Stroke Residential Program

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Stroke Residential Program

Our Approach to Care

Gaylord’s Stroke Residential Program can provide a vital link in transitioning back to independent life. Program participants live in the Louis D. Traurig House, Connecticut’s only transitional living center for patients with a stroke. Traurig House offers an intimate, home-like setting for up to 8 residents for a 4 to 6 week course of treatment. Traurig House is located on the Gaylord Hospital campus, which allows residents access to the individualized outpatient therapies needed to successfully transition from hospital to home.

Our unique program helps patients acquire the communication, cognitive and mobility skills they'll need to enjoy an independent life and successfully re-enter their communities. 

Download our Brain Injury/Stroke Residential Program brochure.

Photo of Traurig House pation 
Traurig House Patio

Photo of Traurig House Dining Room
Traurig House Dining Room

Photo of Traurig House Living Room
Traurig House Living Room

Typical Day

The Traurig Residential Center is the only transitional living center for patients with a stroke in Connecticut. Traurig is an 8-bed, co-ed facility located on the campus of Gaylord Hospital. Patients who participate in the Stroke Residential Program have completed their inpatient rehabilitation but are not quite ready to go home because of language, physical or cognitive problems. Our program provides the intensive rehabilitation to help patients transition from hospital to home.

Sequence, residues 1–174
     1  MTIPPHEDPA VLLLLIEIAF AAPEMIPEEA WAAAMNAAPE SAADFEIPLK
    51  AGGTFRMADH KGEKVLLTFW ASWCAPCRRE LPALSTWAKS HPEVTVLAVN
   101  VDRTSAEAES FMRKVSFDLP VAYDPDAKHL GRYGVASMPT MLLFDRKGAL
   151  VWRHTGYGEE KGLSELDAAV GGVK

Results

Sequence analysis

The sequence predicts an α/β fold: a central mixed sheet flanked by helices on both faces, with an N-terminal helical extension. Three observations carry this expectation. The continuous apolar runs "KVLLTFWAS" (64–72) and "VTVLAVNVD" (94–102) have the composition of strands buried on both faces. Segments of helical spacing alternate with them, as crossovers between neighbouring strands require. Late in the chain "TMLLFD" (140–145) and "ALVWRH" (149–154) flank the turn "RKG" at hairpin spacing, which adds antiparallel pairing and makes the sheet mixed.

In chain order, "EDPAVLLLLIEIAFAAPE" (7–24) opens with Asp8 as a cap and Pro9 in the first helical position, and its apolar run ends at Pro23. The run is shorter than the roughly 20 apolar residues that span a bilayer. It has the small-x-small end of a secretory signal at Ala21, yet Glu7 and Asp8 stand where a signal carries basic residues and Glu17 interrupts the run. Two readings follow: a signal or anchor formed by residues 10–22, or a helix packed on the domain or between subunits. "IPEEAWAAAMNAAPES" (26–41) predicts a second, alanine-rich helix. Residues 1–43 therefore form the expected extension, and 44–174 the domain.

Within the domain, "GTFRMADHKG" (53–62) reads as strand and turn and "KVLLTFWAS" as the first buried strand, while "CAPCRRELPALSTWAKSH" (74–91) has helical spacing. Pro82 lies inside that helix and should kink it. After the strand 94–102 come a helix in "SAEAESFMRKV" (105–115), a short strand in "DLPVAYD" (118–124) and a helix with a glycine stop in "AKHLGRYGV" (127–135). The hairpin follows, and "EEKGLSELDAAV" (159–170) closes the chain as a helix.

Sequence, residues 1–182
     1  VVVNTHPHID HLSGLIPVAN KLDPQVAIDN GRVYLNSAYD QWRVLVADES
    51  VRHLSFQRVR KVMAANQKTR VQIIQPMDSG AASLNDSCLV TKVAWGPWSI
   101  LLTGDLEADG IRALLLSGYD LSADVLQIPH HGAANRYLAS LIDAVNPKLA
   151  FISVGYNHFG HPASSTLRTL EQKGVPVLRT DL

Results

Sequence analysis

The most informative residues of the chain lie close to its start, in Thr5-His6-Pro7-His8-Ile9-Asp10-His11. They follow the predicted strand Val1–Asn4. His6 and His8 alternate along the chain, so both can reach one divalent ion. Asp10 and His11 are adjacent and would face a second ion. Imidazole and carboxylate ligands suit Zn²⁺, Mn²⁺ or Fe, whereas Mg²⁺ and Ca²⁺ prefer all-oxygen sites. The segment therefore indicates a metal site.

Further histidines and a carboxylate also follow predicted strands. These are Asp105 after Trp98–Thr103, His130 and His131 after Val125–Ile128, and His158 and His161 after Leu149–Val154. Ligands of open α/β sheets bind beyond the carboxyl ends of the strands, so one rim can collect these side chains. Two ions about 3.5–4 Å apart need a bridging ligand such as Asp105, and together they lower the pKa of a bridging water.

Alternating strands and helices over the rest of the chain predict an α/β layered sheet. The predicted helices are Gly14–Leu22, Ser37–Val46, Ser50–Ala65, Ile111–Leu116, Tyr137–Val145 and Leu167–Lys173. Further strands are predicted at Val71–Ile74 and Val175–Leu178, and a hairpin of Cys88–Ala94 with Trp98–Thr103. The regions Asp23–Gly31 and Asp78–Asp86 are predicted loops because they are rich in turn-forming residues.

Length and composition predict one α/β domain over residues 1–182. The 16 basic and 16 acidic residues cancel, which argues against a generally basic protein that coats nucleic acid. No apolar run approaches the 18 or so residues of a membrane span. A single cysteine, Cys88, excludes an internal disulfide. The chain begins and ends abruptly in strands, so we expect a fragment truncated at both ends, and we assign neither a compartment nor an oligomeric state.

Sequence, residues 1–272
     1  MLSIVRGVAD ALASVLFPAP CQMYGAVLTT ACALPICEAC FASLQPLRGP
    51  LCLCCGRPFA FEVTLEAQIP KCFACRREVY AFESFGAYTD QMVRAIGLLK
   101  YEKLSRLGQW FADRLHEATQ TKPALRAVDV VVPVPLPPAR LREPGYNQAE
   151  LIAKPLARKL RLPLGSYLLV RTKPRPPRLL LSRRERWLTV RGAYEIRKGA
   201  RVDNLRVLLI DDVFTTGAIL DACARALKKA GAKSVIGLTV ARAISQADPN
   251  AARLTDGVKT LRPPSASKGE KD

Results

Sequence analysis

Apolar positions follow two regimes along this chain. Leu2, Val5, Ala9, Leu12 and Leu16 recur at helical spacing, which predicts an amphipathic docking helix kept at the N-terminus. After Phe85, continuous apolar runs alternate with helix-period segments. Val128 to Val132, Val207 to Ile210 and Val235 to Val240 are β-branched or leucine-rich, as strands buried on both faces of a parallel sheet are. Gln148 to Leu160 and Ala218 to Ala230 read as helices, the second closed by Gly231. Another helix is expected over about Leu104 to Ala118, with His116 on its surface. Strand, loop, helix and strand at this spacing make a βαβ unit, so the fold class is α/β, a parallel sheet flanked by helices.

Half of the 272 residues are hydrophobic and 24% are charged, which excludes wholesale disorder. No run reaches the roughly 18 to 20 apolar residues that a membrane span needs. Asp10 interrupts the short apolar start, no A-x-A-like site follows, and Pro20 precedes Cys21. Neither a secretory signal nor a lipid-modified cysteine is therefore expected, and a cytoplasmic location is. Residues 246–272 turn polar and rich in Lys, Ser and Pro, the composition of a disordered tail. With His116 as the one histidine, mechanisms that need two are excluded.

Program Overview

The Stroke Residential Program provides patients with a stroke with intensive rehabilitation in order to return home and to the community. The program is housed in the homelike setting of Traurig Residential Center an 8-bed, co-ed facility located on the grounds of Gaylord Hospital. Individual and small group therapy is provided to each resident based on his or her needs. Patients can be referred from any acute care hospital or Gaylord Hospital. Average stay is 44 days and the program can accept patients as young as 14. We encourage the patient's family to be as involved as possible.

A Family's Story

The Stroke Residential Program provides intensive rehabilitation for patients with a stroke. Residents can referred from any acute care facility and are generally referred by a care manager at the acute care hospital who is responsible for discharge planning. The Ciarlo family shares why they chose to have their son Thomas come to Traurig House as a transtional step between the hospital and home. Thomas spent 8 weeks in Taurig House giving him the opportunity to receive therapy and to practice skills to improve his independence.  Our staff work closely with the patient and family each step along the way. 

A Patient's Story